Singapore is a geological infant and has very limited in situ fossils to dig around for. On the other hand, embarking on overseas fossil hunting expeditions may be logistically challenging for some of us. You would strain to even find a pure-play fossil store still surviving in our tiny local market, save for a couple of mineral or religious shops. Many collectors here turn to eBay to shop for fossils, where it’s not easy to discern the quality (or authenticity) of a specimen from a photograph alone. Apart from trading amongst ourselves, my take is that the next easiest way to acquire good fossils at decent prices is from fossil and mineral shops directly in other countries.
My favourite countries to shop for abundant fossils so far are
– Australia: Especially opalised shells, Yabbies, Belemites, Crinoids, etc.
– China: All species but be very careful about fakes and note that exporting vetebrates from China is illegal
– Hong Kong: Especially Hadrosaur eggs from Henan
– Morocco: Especially trilobites, but note that entire industries exist here to manufacture fakes
– Nepal: Ammonites are sold by the basket-loads in Kathmandu
– Spain: A lot of the better stuff from neighbouring Africa are exported here, including abundant trilobites, amber, Spinosaurus & Mosasaur teeth, etc.
– Taiwan: Many great specimens are imported from all over the world, including China & Mongolia
– Thailand: There’s a shop at Chatuchak with many mammal fossils. Surprisingly i also picked up tortoise and dino egg fossils here.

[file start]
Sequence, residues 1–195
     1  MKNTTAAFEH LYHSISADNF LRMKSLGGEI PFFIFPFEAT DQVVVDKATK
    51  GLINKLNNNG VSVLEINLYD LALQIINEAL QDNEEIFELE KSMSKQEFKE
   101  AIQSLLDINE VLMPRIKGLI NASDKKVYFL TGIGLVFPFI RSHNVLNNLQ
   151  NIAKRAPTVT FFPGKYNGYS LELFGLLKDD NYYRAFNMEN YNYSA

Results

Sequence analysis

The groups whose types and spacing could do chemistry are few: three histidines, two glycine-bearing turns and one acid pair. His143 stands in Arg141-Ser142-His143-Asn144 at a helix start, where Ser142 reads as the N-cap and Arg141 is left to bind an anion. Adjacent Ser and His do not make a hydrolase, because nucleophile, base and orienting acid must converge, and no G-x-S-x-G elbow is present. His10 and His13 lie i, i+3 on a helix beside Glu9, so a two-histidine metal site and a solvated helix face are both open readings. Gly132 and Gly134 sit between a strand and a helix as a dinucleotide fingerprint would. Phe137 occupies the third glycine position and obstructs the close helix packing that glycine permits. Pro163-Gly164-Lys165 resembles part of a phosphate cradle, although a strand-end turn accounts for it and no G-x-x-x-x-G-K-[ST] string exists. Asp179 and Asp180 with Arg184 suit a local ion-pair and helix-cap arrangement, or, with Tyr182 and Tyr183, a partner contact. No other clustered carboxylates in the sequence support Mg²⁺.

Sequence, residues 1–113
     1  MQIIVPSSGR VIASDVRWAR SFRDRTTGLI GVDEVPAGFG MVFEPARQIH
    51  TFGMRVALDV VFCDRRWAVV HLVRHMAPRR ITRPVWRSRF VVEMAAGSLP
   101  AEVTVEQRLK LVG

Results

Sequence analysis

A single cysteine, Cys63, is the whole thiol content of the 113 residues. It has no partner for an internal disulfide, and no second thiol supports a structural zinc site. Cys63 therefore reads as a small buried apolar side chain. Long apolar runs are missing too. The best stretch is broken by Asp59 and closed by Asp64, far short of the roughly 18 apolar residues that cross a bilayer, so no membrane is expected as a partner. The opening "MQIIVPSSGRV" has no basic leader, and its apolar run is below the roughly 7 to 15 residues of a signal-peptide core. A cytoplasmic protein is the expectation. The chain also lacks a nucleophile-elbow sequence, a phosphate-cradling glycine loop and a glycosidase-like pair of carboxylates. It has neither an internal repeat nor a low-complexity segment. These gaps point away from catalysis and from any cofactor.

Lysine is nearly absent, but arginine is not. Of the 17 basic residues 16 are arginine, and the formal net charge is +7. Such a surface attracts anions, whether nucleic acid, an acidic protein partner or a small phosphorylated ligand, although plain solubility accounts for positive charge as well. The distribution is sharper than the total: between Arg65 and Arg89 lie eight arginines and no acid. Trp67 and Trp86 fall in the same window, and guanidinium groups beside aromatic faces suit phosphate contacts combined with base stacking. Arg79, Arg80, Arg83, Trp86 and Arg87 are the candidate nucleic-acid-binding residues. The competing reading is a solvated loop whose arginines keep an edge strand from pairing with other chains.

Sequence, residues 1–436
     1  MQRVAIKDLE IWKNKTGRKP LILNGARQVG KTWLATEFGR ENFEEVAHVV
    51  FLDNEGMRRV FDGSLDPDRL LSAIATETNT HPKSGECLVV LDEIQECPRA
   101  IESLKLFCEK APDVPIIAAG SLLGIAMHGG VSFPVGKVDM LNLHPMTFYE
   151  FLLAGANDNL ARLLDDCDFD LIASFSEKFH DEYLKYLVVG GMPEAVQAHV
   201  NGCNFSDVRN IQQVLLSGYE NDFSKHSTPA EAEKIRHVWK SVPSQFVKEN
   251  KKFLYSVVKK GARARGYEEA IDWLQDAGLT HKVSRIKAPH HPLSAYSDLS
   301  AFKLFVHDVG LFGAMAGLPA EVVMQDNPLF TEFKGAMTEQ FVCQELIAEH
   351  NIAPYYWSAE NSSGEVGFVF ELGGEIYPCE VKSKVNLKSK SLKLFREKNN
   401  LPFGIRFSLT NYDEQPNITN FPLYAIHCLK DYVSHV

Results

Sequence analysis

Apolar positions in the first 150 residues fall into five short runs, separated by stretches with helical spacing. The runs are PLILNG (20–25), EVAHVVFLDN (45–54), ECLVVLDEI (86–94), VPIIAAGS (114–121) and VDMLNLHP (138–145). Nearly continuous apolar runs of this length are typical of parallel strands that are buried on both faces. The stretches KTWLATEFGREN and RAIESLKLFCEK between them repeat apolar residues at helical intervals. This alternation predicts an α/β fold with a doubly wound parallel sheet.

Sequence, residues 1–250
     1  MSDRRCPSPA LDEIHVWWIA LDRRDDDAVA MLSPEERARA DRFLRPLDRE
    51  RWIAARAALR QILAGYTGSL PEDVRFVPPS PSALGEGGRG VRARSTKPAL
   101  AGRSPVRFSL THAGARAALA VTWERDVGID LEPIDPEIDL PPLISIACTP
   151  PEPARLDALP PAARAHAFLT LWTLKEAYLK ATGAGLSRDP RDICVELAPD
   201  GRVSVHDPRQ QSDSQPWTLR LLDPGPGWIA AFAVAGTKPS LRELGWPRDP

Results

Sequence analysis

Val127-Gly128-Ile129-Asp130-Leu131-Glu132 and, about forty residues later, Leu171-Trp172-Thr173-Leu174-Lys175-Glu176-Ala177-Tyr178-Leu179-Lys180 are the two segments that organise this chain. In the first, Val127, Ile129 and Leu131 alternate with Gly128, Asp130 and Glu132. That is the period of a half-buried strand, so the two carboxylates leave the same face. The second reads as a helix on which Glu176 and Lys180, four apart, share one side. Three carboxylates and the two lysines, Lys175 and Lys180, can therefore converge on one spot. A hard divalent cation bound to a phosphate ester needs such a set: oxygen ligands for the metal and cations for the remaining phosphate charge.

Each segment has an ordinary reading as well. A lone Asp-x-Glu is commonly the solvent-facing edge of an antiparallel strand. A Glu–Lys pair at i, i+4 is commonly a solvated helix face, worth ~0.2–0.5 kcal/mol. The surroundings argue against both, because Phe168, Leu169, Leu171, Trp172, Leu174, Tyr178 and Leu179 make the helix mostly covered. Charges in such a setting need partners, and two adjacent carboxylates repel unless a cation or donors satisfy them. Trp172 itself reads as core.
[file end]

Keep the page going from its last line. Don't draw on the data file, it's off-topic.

– The UK: Especially Ammonite, dinosaur bones, etc.
– The USA: Especially fish, dinosaur bones & claws, Megalodon teeth, etc. Check before you go where/when the many gem, mineral, and fossil conventions are organised because many of the best specimens will be on sale there.
Note that there are also laws prohibiting the exportation of fossils in countries such as Argentina, Canada, Magadascar, Mongolia, and Morocco.
When in the shops, what I find useful is to spend time really engaging with the owners about their collections. The truly passionate and experienced ones give you additional valuable information about each specimen, refer you to other shops nearby, and sometimes bring out their personal collections that may be kept hidden ‘at the back’. They are the ones who care more about nurturing the industry than about making a fast buck, and tend to start at reasonable prices. When they sense your enthusiasm and knowledge, inadvertedly they tend to reciprocate and give you an additional discount or throw in an item for free.
I usually keep in mind the ‘anchor prices’ of a few typical items (which could of course vary by size, condition, etc.), such as $20 for a Knightia fish slab, $200 for a perfectly-defined, palm-sized Megalodon tooth, $500 for a dinosaur egg, etc. This way i benchmark the prices against comparable items to gauge if the store generally offers decent prices or not, for the items whose market prices i may not be familiar with.